Thomas Alva Edison in 1911 with his famous light bulb

Editor’s Note: David Edward Edison Sloane is a professor of English at the University of New Haven and the great-grandson of the inventor Thomas A. Edison. He is writing a book on his grandmother, Madeleine Edison Sloane, entitled “Edison’s Daughter.”

Story highlights

David Sloane says his great-grandfather, Thomas Edison, would have liked efficient bulbs

He says new efficiency law to take effect January 1, was in line with Edison's futurism

He says Edison would have disdained Congress' recent vote to defund law for nine months

Sloane: Technological, green, entrepreneurial advances are Edisonian

CNN  — 

As I research my family history, preparing a book about my grandmother Madeleine Edison Sloane, “Edison’s Daughter,” I occasionally come across holiday pictures of Glenmont. This was my great-grandfather Thomas Edison’s home in West Orange, New Jersey, and in the pictures it’s decorated for the Christmas and New Years’ Holidays. Thanks to his invention, the home bursts with light in those pictures; the radiance is almost palpable.

All the bulbs were incandescent, of course. There wasn’t any other kind, and candles would have been way too dangerous. Light and safety, and low cost, were all great features of Edison’s light bulbs.

But come January 1, when a light-bulb law setting new efficiency standards is set to take effect, it’s out with those old incandescents and in with the new. My great grandfather’s 100-watt incandescent will be replaced with new energy-efficient versions, including CFLs, LEDs, and – yes – new and improved incandescent bulbs. When better lighting is fully implemented throughout our country, we’ll be saving $13 billion a year in electricity costs and we’ll eliminate the need for 30 large power plants, according to the Natural Resources Defense Council, an environmental advocacy group.

David Sloane

And my great-grandfather wouldn’t have it any other way.

For the record, Thomas Edison was a patriot, he was a futurist, and he was green. Edison’s concern after the turn of the last century was with pollution and nonrenewable resources, not with freezing technological change at the level of 1879.

He wanted the Swiss to harness water power in 1911; he wanted Ford and Firestone to recognize that oil was nonrenewable but the sun was infinite and free; he wanted to use goldenrod—a roadside weed—to serve as a cheap and independent source to replace imported foreign rubber. He wanted everything that today’s eco-opposition want to undercut with ill-considered political posturing.

Edison would have spurned the recent sleight of hand by Congress that leaves the new lighting standard – under the Energy Independence and Security Act of 2007– on the books but takes away its funding for nine months. How can inventor-entrepreneurs like Edison make a profit if every time they try to make a technological advance some nut in Congress pulls the rug out from under the them and their breakthroughs? And if investors are going to put their bets on more efficient technology, they have to know that a congressional holiday on common sense will not come along to undercut demand for their product.

Thomas Edison would have been the first to support technological advances, that’s the real, obvious message of his 1,000-plus patents. Let’s invent the future. He would have embraced new tough standards as a way to move our antiquated energy policies forward, helping people save money when they most need it, and reducing carbon pollution that puts our future at risk.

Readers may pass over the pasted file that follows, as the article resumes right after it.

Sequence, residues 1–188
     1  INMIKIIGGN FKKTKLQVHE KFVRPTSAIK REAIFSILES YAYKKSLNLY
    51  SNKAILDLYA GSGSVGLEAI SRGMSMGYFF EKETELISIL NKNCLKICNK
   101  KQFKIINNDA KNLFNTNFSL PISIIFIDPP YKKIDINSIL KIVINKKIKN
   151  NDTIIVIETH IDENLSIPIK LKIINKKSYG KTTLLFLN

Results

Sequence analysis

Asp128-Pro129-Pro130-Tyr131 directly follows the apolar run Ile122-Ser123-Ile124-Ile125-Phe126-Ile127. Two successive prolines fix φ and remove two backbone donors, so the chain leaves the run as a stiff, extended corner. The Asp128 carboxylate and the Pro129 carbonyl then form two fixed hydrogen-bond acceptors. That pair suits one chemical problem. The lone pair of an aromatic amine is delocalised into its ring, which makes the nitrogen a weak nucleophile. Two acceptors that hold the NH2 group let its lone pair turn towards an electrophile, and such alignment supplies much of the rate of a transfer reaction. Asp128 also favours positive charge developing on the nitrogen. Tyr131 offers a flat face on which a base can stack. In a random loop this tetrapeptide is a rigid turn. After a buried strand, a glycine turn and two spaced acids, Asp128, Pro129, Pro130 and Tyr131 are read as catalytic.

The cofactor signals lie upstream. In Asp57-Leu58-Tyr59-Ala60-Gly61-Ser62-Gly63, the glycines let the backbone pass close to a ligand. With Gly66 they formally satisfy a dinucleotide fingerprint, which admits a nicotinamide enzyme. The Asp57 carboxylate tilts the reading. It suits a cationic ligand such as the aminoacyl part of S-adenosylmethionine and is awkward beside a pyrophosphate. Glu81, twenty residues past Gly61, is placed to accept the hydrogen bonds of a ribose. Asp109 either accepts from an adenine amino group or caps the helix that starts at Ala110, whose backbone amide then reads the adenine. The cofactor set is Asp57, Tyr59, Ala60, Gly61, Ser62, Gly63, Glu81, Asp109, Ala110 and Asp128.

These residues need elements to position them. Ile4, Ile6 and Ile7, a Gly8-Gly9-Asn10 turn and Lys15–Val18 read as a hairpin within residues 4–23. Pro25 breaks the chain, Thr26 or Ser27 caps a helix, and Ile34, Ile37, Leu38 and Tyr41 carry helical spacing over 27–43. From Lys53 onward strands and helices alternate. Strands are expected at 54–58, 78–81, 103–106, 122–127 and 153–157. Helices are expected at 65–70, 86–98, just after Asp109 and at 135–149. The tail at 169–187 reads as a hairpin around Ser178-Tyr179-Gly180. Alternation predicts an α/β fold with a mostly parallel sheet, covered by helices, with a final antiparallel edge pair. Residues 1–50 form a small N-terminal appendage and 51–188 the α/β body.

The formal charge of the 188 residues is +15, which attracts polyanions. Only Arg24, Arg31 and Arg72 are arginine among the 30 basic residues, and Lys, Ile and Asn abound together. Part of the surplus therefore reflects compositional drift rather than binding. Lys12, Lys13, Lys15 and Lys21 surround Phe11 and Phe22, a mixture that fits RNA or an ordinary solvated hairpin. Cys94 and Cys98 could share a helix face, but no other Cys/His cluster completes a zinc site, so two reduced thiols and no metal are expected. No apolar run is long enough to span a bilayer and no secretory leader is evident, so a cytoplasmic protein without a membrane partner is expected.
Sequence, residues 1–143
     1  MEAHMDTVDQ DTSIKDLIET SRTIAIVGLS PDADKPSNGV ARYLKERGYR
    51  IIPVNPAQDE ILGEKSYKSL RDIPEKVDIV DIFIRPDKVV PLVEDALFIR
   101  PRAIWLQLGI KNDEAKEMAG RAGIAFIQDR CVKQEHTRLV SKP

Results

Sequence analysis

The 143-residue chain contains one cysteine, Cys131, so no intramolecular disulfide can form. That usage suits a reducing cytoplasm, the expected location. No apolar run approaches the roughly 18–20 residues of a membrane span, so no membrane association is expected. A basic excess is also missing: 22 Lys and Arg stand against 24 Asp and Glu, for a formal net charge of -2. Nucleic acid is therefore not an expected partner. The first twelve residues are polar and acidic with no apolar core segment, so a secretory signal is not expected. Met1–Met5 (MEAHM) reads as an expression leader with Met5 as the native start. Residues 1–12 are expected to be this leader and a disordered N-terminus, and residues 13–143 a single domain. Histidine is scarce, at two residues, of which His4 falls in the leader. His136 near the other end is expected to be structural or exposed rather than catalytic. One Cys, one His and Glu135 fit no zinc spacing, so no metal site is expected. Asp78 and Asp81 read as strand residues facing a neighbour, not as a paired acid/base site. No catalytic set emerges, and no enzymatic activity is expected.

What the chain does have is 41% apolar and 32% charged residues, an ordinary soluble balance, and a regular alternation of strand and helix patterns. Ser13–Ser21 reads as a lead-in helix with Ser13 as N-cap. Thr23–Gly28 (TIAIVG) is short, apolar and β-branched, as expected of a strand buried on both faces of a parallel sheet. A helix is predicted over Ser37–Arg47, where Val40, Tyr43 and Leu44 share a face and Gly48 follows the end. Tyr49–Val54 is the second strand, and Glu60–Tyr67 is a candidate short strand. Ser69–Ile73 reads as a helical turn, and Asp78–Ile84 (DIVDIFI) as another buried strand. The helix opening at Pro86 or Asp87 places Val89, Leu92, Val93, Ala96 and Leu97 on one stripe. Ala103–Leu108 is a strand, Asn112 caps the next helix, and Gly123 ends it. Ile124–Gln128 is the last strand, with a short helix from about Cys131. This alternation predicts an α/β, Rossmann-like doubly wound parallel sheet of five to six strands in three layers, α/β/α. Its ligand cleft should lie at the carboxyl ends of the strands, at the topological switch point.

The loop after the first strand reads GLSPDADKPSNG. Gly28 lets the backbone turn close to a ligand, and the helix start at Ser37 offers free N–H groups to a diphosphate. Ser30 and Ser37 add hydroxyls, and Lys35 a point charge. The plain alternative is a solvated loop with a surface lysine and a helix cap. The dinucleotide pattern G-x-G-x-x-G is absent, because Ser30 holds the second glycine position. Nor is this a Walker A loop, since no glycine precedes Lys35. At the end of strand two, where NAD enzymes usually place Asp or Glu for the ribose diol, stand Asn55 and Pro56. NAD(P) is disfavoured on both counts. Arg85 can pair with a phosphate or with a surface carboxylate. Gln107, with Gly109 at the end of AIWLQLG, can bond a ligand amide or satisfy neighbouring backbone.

So where would Edison be tonight? He’d be in the lab inventing a better light bulb. Engineers sharing Edison’s legacy are working on these better bulbs now—and with the advances in chemistry and materials since Edison’s time—they’re creating better lights and lower costs with more efficiency and far less pollution.

Let’s also not forget that most old incandescent bulbs manufactured today are imports from China. You remember them: The same folks who sent Louisiana and Mississippi polluted sheet-rock to rebuild their hurricane-ravaged houses and are using the profits to buy up American debt.

Domestic sources of light would have been Edison’s first priority. Upon his winter visit to the Edison winter home in Florida, Seminole Lodge, he would have heralded news of unemployed former NASA scientists being scooped up by Florida’s Lighting Science Group to advance initiatives in LED technology. More jobs would have been another good result of technology in Edison’s point of view.

The future of the light bulb is bright. You can take that as straight goods from Edison’s own great-grandchildren. Drop by my house and enjoy the two lighted deer on my porch roof. They sparkle with light. They are cheap to run. The lights are LEDs. And I love them. To my eye, they are just as bright as the ones in the Edison family’s Glenmont home at Christmas, maybe brighter.

When Edison died in 1931, the world found that it could not turn off the electricity to honor him for even a minute because it had grown so dependent on electricity in Edison’s lifetime—they had to settle for just dimming the lights.

As you turn off your lights December 31, remember that when you switch on the lights in 2012 they will be brighter and cheaper than ever, and safer. And they will also help America reclaim its place as a leader in technology, invention, and entrepreneurialism. That’s Edisonian.

Let’s do our best in 2012 to help his technological children succeed in doing just that.

Follow @CNNOpinion on Twitter.

The opinions expressed in this commentary are solely those of David Edward Edison Sloane.